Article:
My own web site is currently going through a protracted and major transformation. You can find it at ka7o.net. The old site content is still there - just buried a bit at http://ka7o.net/old-site - when I convert it all to the new format, the old content will 'go away'. No rush - it's only been over 3 years in progress now.
I call myself a 'Penguin Farmer'. Tux - a penguin - is the official Linux mascot. I'm a Linux user and enthusiast. Mostly due to it's open source nature, free cost (usually), flexibility and amazing reconfigurability. FOSS (Free and Open Source Software) must stand up to intense and constant peer review. If you release a shoddy FOSS product - you'll hear about it - and so will everyone else. Your reputation stands or falls on what you submit. Personal pride and striving for excellence ensure that most (not all!) FOSS is of a very high quality. Better yet, if it isn't up to your standards - you have access to the source code, you can change it, improve it or just learn about it at your whim. Or write your own. The same tools that allow you to run 'big' products also allow you to produce your own. FOSS is yet another arena where the 'self policing' model shines, just as in ham radio.
Chicks & RF
Maybe it's also cuz - like many hams - I'm also a penny pinch'n skin flint and refuse to pay for something when I can get it for free. There are those that question the quality of FOSS. Intuitively that might be a valid question - but experience and the facts have proven most FOSS to be of higher quality, reliability and have better security than many proprietary solutions costing hundreds, if not thousands of dollars.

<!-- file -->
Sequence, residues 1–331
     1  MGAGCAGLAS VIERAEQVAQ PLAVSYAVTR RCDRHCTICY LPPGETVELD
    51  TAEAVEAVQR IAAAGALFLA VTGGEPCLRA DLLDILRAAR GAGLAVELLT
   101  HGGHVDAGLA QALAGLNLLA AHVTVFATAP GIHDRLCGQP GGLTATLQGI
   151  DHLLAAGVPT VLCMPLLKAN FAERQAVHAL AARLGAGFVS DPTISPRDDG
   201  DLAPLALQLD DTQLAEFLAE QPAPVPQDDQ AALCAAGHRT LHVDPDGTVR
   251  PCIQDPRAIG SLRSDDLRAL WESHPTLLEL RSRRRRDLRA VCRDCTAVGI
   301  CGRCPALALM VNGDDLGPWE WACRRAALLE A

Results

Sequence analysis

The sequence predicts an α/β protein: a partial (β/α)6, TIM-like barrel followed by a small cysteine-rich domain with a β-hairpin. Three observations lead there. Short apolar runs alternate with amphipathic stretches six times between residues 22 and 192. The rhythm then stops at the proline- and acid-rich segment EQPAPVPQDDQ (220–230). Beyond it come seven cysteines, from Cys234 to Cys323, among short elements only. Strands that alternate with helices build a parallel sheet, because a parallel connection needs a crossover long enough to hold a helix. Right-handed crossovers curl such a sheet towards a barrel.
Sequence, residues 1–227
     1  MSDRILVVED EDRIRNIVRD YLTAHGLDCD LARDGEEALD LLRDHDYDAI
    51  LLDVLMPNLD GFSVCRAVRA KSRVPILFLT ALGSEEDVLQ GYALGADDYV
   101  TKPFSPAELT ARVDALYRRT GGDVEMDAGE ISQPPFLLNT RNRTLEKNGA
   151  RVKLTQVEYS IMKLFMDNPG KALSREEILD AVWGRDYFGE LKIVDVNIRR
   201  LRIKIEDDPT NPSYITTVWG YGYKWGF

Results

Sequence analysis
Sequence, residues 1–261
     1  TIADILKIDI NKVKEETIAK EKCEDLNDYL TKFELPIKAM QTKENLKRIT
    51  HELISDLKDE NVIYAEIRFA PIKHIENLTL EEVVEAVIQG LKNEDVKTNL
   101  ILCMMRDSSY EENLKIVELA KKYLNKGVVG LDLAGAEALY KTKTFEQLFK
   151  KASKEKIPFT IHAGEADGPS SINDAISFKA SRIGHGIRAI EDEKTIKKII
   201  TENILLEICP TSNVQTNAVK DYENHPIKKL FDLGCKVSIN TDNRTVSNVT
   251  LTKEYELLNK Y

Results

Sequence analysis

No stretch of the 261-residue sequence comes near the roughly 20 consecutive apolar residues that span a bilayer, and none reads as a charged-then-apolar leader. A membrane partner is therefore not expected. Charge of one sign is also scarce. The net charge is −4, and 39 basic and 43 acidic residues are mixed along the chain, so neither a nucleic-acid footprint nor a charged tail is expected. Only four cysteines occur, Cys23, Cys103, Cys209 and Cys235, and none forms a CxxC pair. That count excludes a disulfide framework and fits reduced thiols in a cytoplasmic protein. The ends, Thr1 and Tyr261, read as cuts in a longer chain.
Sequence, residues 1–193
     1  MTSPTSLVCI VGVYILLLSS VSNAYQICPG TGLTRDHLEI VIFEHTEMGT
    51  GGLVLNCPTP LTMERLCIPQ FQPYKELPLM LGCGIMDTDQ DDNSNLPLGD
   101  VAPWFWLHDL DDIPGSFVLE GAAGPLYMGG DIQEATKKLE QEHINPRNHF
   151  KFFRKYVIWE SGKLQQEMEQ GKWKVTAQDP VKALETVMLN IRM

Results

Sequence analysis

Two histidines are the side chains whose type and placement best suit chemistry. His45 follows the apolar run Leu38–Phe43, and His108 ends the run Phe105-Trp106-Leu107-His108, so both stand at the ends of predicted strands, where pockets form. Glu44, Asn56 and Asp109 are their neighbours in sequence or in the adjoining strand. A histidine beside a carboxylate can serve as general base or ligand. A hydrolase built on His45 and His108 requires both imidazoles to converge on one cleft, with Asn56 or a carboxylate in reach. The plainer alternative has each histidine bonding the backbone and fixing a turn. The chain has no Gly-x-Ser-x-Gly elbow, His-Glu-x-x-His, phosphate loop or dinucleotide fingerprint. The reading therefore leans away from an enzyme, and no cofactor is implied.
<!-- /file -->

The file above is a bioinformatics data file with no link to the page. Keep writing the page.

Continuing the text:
In fact, ham radio and FOSS have so many similar philosophies and goals - I'm shocked at the lack of FOSS take up in the ham community. The two seem a natural marriage to me. Techno hobby and techno excellence that only allows both to progress further together than either could alone. I encourage hams to use FOSS of their choosing. Those are my 'chicks' - I work to raise them to independance and free range operations.
On the road
I ride a Touring Motorcycle known as a 2002 BMW K-1200LT. No, it's not a Harley and yes, BMW makes motorcycles. Very good motorcycles (see my earlier comments about relevant and modern technologies for a clue to my views about motorcycles). I am looking for a name for my bike. She's my daily commuter and work transport when I'm not hauling lots of heavy stuff all over town or when the roads are slick. Then my transport is the White Wale. A '96 Chevy pickup with a shell. You may see the Wale or the LT around town or can follow me via ARPS and findu.com White Wale, LT, JavAPRS on my web server or better yet, your own APRS client. Feel free to point it to aprsdcsp.ka7o.net for the full APRS-IS data stream.
In the mean time, I suggest you go try something New. Something different. Something you may have assumed you couldn't do. Learn something - get excited at your successes and learn from your problems. You may be pleasantly surprised as well. If nothing else, those around you will see you enjoying what you're doing and maybe get excited as well. That's the point, right? Have fun with it. Then others will want to have fun with you. If you're not having fun - you're doing it wrong.
On the Air
Locally, you can catch me on any of the local repeaters or the VHF/UHF FM simplex call frequencies. If you don't find me there, email me using the link below or hit me up via the CARC Discussion Board. On HF - who knows where prorogation, modes, new ideas and resources will find me! I don't even know.
73 de KA7O, Tate